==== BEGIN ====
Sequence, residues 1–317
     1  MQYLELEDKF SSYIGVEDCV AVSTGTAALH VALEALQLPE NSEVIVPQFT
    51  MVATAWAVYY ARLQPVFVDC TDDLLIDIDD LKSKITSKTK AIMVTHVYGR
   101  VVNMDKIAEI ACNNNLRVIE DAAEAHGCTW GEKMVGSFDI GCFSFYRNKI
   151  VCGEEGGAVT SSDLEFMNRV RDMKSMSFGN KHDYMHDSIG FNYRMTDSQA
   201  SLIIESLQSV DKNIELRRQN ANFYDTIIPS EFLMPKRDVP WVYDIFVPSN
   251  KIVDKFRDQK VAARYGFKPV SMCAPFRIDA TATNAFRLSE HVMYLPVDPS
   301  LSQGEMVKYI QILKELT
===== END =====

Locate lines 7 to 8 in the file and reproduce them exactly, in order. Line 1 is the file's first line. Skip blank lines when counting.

   251  KIVDKFRDQK VAARYGFKPV SMCAPFRIDA TATNAFRLSE HVMYLPVDPS
   301  LSQGEMVKYI QILKELT